More Los Angeles Literary News

by Brian Dunlap

41CpYKt5dSL._SX332_BO1,204,203,200_Los Ángeles/Bell Garden’s Native Vickie Vertiz will be releasing her second book of poems Palm Frond With Its Throat Cut, next month (September). The Amazon jacket copy describes Vertiz’s book as a collection that “uses both humor and sincerity to capture moments in time with a sense of compassion for the hard choices we must make to survive. Vértiz’s poetry shows how history, oppression, and resistance don’t just refer to big events or movements; they play out in our everyday lives, in the intimate spaces of family, sex, and neighborhood. Vértiz’s poems ask us to see Los Angeles—and all cities like it—as they have always been: an America of code-switching and reinvention, of lyric and fight.”

This collection is already garnering positive press. The following is from the Library Journal:

“‘Come closer, chula// There’s something I’ve been meaning to tell you.’ These beckoning lines, ending a poem set on a city bus, capture the intimacy and disturbing undercurrent that typify Vértiz’s fine second collection (after Swallows). Vértiz portrays her Los Angeles neighborhood with verve and what might be described as fond anger. We see poverty (‘the death stench in our water in our jobs’) and fractured families. In one poem, ‘Dad’s paychecks couldn’t feed two houses,’ which explains why the pet rabbits end up as soup, and elsewhere a postcard from pops says, ‘I wish you were here, mija/ Come on, don’t get all feelings on me/ I may be drunk/ But at least I’m home.’ The uncle delivering an unexpected kiss, teenagers in tight black jeans, the “pleyboy” boyfriend who proved ‘a hard climb/ A home to mispronounce’ (‘Fuck that, said my brother, There’s other fools to love’), a mother and brother signifying ‘ten thousand truck miles (‘Why won’t/ their coughs go away?’)—these make up a chamber opera that Vértiz vivifies with jangle and sparkle. VERDICT Fervent reading about the urban Hispanic experience; for all readers.”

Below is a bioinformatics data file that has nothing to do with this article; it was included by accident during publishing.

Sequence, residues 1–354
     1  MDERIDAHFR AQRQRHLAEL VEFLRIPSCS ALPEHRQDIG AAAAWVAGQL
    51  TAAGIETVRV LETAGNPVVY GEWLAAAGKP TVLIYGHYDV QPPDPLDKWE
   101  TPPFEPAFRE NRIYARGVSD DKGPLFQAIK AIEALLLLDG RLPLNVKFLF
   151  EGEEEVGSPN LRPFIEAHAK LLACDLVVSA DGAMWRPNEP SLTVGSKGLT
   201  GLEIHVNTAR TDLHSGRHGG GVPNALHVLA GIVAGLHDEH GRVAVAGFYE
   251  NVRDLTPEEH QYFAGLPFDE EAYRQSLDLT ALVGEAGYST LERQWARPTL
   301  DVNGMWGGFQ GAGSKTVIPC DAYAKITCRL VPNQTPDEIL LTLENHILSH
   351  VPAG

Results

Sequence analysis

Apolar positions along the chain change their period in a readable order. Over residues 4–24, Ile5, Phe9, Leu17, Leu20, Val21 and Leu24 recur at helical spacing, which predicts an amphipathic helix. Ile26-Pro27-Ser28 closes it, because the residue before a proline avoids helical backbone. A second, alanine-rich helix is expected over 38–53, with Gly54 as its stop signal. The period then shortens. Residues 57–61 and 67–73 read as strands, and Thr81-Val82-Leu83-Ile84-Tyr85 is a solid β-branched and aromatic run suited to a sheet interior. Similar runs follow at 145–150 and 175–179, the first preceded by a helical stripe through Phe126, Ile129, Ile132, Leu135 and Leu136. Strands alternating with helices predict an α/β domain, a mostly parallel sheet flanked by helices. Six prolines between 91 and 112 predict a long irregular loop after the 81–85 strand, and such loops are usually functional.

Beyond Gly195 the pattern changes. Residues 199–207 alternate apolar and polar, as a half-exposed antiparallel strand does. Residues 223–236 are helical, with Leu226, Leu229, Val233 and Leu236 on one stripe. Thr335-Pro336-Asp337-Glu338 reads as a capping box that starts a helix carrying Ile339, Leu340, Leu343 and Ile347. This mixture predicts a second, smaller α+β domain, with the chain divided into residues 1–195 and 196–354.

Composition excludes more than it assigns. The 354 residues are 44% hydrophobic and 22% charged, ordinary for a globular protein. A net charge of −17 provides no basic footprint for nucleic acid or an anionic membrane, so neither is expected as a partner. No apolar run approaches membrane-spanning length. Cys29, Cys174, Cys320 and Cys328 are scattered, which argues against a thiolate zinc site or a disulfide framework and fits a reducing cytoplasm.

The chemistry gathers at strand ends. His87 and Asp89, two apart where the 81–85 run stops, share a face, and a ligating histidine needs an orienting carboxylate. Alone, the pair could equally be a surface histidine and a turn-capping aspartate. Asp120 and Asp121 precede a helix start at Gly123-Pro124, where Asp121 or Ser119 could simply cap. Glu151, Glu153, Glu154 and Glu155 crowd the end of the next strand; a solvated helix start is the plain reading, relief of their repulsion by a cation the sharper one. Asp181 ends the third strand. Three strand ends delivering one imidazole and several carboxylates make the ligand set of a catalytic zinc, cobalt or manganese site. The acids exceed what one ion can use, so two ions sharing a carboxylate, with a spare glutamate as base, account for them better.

Vickie Vértiz was born and raised in Bell Gardens. Her writing explores the intersections of feminism, class, and Latino sub-cultures through everyday beauty. Her writing is widely anthologized, found in publications such as Open the Door (from McSweeney’s and The Poetry Foundation). Her poetry collection, Swallows was released in 2013 by Finishing Line Press.


Leave a Reply

Fill in your details below or click an icon to log in: Logo

You are commenting using your account. Log Out /  Change )

Google+ photo

You are commenting using your Google+ account. Log Out /  Change )

Twitter picture

You are commenting using your Twitter account. Log Out /  Change )

Facebook photo

You are commenting using your Facebook account. Log Out /  Change )


Connecting to %s